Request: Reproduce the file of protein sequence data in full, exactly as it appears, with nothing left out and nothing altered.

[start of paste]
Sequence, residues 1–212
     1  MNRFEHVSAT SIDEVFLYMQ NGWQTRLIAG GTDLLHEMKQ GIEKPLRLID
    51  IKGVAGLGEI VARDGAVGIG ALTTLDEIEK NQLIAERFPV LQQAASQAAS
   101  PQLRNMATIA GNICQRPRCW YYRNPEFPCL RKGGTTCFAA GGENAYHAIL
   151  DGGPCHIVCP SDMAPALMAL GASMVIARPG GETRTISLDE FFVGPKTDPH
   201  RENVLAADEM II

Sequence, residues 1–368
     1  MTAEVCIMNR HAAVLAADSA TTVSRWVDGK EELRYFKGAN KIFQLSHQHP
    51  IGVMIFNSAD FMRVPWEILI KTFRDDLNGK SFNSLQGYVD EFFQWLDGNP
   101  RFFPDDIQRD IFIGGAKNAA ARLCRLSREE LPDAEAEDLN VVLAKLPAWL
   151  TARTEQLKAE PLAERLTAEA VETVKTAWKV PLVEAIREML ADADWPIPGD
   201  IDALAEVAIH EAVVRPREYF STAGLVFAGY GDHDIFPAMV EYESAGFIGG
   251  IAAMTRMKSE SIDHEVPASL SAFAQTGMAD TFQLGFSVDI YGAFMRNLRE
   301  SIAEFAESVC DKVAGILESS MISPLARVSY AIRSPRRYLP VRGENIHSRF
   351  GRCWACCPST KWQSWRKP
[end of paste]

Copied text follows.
Sequence, residues 1–212
     1  MNRFEHVSAT SIDEVFLYMQ NGWQTRLIAG GTDLLHEMKQ GIEKPLRLID
    51  IKGVAGLGEI VARDGAVGIG ALTTLDEIEK NQLIAERFPV LQQAASQAAS
   101  PQLRNMATIA GNICQRPRCW YYRNPEFPCL RKGGTTCFAA GGENAYHAIL
   151  DGGPCHIVCP SDMAPALMAL GASMVIARPG GETRTISLDE FFVGPKTDPH
   201  RENVLAADEM II

Sequence, residues 1–368
     1  MTAEVCIMNR HAAVLAADSA TTVSRWVDGK EELRYFKGAN KIFQLSHQHP
    51  IGVMIFNSAD FMRVPWEILI KTFRDDLNGK SFNSLQGYVD EFFQWLDGNP
   101  RFFPDDIQRD IFIGGAKNAA ARLCRLSREE LPDAEAEDLN VVLAKLPAWL
   151  TARTEQLKAE PLAERLTAEA VETVKTAWKV PLVEAIREML ADADWPIPGD
   201  IDALAEVAIH EAVVRPREYF STAGLVFAGY GDHDIFPAMV EYESAGFIGG
   251  IAAMTRMKSE SIDHEVPASL SAFAQTGMAD TFQLGFSVDI YGAFMRNLRE
   301  SIAEFAESVC DKVAGILESS MISPLARVSY AIRSPRRYLP VRGENIHSRF
   351  GRCWACCPST KWQSWRKP